How to Manage Pests

UC Pest Management Guidelines

Almond

European Fruit Lecanium

Scientific name: Parthenolecanium corni

(Reviewed 3/09, updated 3/09, pesticides updated 9/15)

In this Guideline:


DESCRIPTION OF THE PEST

European fruit lecanium, also known as the brown apricot scale, occurs throughout the Central Valley and is becoming an increasing problem as growers reduce dormant sprays. The adult female's domed shell is shiny brown, about 0.4 inch in diameter. Eggs are laid in spring and hatch from May to July. The young develop through the remainder of the season and overwinter on twigs and small branches as partly grown crawlers. There is one generation each year.

DAMAGE

The chief injury is the production of honeydew that, in large amounts, can damage leaves and fruit. Sooty mold growing in the honeydew can cause blackened areas on leaves and fruit.

MANAGEMENT

Natural enemies frequently keep lecanium scale below damaging populations. If treatment is needed, oil during dormancy or delayed dormancy is the best treatment. Use dormant spur sampling to determine need for treatment.

Biological Control

Many natural enemies, and summer temperatures consistently over 100°F, help to control populations of European fruit lecanium. Common predators include lady beetles (Chilocorus orbus, Hyperaspis spp., Rhyzobius lophanthae), lacewings, the predaceous sap beetle (Cybocephalus californicus), and predatory seed bugs (Phytocoris spp.). Parasites include Aphytis spp., Coccophagus spp., Encarsia spp., and Metaphycus spp. Frequently, scales found during the growing season are heavily parasitized.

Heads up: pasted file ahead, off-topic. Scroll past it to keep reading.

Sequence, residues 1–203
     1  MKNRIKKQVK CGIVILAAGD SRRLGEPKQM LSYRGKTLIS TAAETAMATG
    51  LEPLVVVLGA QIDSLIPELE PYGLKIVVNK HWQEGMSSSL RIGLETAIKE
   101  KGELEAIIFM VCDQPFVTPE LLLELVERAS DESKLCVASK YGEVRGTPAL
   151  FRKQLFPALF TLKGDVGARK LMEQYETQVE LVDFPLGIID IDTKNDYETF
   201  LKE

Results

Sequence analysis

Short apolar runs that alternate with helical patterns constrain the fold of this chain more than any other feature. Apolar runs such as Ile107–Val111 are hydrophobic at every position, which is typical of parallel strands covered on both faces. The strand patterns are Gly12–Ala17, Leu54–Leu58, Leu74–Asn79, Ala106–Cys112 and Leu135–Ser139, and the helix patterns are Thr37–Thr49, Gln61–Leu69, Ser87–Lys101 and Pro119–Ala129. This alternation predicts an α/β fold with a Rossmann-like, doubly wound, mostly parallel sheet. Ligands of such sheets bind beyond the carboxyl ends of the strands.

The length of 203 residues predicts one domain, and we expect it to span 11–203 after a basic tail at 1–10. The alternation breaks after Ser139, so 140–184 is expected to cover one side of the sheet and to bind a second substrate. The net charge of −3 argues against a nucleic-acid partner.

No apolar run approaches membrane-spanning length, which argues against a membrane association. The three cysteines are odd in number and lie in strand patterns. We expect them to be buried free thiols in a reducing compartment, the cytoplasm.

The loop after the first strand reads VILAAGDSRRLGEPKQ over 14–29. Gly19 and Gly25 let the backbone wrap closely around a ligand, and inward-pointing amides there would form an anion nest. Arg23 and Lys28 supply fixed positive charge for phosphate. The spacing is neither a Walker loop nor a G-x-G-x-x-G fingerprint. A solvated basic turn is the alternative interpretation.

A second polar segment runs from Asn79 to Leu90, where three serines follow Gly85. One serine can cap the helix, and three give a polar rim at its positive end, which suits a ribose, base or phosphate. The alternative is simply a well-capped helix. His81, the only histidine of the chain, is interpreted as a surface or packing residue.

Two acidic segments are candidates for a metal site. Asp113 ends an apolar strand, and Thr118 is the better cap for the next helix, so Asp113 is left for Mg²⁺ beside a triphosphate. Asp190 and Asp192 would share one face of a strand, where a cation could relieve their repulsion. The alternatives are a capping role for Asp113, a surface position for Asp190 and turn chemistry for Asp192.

Organically Acceptable Methods

Naturally occurring biological control and certain oil sprays are organically acceptable.

Monitoring and Treatment Decisions

To determine if a dormant treatment is warranted, follow the sampling and treatment threshold guidelines in the section Dormant Spur Sampling. Examine scales during summer for parasitism before deciding to spray; if parasites are not present and treatment is necessary, a summer oil spray can be applied. When treatment is necessary, however, it is best to treat when leaves are off during the dormant or delayed dormant period. Oil alone is usually all that is required to manage this pest in the dormant season within an IPM program; the addition of another insecticide is necessary only when infestations are severe.

Common name Amount to use** REI‡ PHI‡
(Example trade name) (conc.) (dilute)
(hours) (days)

UPDATED: 9/15
Calculate impact of pesticide on air quality
The following are ranked with the pesticides having the greatest IPM value listed first—the most effective and least harmful to natural enemies, honey bees, and the environment are at the top of the table. When choosing a pesticide, consider information relating to air and water quality, resistance management, and the pesticide's properties and application timing. Not all registered pesticides are listed. Always read the label of the product being used.
 
DORMANCY OR DELAYED-DORMANCY
 
A. DORMANT OIL such as:
  DORMANT FLOWABLE EMULSION 6 gal 1–1.5 gal 12 0
  NARROW RANGE OIL# 4 gal 1.5 gal See label 0
  MODE OF ACTION: Contact including smothering and barrier effects.
  COMMENTS: Oil alone can control moderate levels of scale, and is often compatible with insecticides applied for other target pests. Check for compatibility with other insecticides or fungicides when used in a tank mix. Check with certifier to determine which products are organically acceptable.
 
B. DORMANT OIL such as:
  DORMANT FLOWABLE EMULSION 6 gal 1–1.5 gal 12 0
  NARROW RANGE OIL Label rates See label 0
  MODE OF ACTION: Contact including smothering and barrier effects.
  . . . PLUS . . .
  DIAZINON*50WP 3 lb 1 lb 168 (7 days) 0